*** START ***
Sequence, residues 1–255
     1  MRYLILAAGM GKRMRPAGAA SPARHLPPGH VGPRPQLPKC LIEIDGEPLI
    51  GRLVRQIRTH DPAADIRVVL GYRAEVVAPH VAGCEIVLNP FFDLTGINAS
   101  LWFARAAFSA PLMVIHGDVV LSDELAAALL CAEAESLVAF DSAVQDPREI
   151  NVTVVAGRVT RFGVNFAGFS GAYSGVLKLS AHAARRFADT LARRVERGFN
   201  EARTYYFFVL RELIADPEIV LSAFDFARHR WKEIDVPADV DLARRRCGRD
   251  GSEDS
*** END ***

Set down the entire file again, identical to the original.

Sequence, residues 1–255
     1  MRYLILAAGM GKRMRPAGAA SPARHLPPGH VGPRPQLPKC LIEIDGEPLI
    51  GRLVRQIRTH DPAADIRVVL GYRAEVVAPH VAGCEIVLNP FFDLTGINAS
   101  LWFARAAFSA PLMVIHGDVV LSDELAAALL CAEAESLVAF DSAVQDPREI
   151  NVTVVAGRVT RFGVNFAGFS GAYSGVLKLS AHAARRFADT LARRVERGFN
   201  EARTYYFFVL RELIADPEIV LSAFDFARHR WKEIDVPADV DLARRRCGRD
   251  GSEDS